Central to the foundation of the CCP was the question of national reunification. (At the time of the founding, China was splintered into feudal regimes; it was in part the Communists’ purported ability to unify the country that won them their initial influence.) Taiwan is the modern target of those ongoing ambitions. In President Xi Jinping’s address marking the 100th anniversary of the CCP, he remarked:
Resolving the Taiwan question and realizing China’s complete reunification is a historic mission and an unshakable commitment of the Communist Party of China. It is also a shared aspiration of all the sons and daughters of the Chinese nation. We will uphold the one-China principle and the 1992 Consensus, and advance peaceful national reunification. All of us, compatriots on both sides of the Taiwan Strait, must come together and move forward in unison. We must take resolute action to utterly defeat any attempt toward “Taiwan independence,” and work together to create a bright future for national rejuvenation. No one should underestimate the resolve, the will, and the ability of the Chinese people to defend their national sovereignty and territorial integrity.
Xi celebrated China’s “rejuvenation” with a warning to would-be foreign bullies: “Anyone who dares try [to bully, oppress or subjugate China] will have their heads bashed bloody on a Great Wall of steel forged by over 1.4 billion Chinese people.”
Yi-Ling Liu writes in Rest of World on Jack Ma’s failed attempt to create a “Harvard for China.”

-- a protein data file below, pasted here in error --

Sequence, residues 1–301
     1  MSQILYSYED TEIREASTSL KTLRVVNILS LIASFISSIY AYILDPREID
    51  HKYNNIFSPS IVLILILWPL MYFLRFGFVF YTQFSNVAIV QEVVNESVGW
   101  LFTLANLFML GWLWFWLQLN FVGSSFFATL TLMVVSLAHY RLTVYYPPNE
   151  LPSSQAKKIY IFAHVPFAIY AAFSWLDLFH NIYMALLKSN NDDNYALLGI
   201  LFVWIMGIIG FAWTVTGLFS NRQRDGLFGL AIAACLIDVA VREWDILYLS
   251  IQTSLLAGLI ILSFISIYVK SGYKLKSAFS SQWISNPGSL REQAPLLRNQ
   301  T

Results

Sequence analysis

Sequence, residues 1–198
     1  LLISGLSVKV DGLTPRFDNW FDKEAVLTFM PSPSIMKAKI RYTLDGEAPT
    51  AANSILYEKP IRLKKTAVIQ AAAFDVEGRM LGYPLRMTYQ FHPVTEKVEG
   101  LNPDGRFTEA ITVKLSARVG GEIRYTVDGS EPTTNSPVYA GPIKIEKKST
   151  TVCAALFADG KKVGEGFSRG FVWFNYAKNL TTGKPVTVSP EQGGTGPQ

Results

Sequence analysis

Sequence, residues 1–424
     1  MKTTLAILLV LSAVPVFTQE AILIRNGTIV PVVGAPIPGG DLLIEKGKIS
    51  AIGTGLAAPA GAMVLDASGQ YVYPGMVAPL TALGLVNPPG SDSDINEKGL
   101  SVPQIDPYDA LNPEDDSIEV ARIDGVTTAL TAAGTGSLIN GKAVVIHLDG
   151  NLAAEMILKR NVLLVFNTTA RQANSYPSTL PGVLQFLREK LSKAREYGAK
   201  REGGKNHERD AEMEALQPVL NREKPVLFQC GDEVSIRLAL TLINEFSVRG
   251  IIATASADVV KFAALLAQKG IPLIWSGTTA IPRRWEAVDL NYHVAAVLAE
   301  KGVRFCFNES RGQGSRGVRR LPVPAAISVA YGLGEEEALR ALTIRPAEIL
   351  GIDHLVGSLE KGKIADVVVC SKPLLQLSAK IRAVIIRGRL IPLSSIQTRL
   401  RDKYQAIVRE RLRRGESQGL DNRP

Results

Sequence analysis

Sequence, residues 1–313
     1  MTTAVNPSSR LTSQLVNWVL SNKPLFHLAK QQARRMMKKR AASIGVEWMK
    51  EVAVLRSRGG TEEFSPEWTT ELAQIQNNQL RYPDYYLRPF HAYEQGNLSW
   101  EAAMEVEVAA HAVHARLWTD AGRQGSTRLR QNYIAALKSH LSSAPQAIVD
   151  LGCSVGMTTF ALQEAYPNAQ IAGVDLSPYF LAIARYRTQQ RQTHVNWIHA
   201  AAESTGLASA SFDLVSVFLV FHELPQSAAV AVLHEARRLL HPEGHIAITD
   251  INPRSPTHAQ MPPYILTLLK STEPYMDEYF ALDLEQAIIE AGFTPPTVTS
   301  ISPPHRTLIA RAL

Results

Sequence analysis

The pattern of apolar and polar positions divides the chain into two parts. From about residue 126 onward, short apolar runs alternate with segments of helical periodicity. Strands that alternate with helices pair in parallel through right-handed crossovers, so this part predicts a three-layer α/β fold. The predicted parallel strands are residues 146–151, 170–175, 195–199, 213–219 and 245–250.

Yinka Adegoke explores global attempts to copy the success of Alipay and WeChat’s role as super apps to the Chinese market, and why that’s so difficult to manage elsewhere.
The Wall Street Journal publishes an in-depth feature on Alibaba’s bid to rival Amazon as the world’s largest e-commerce giant.
For the Brookings Institution’s TechStream, David Bandurski considers whether the new “lying flat” movement among young, disillusioned Chinese could hinder the country’s push to be the global technological leader.
Steven Stashwick argues for Foreign Policy that continued U.S.-China competition can still lead to gains in the global push to slow climate change.
Yaya J. Fanusie writes for the Center for a New American Security on the global surveillance implications of China’s moves toward a unified digital currency.
David Morris assesses the possibility that China’s crackdown on Didi is motivated by a desire to “cater to the financial elite in Hong Kong” by increasing listings in domestic markets. Yvonne Lau addresses a similar argument in Fortune.
For Business Insider, Tasmin Lockwood and Shona Ghosh examine the decline in global venture capital flows into China since 2016.
Danielle Cave and Jacob Wallis write for the Australian Strategic Policy Institute on disinformation in democratic societies.
Chinese technology companies, led by ByteDance, appear to be retreating from the notorious “996” workweek (9 a.m. to 9 p.m., six days a week). Jane Li writes for Quartz on the ByteDance news.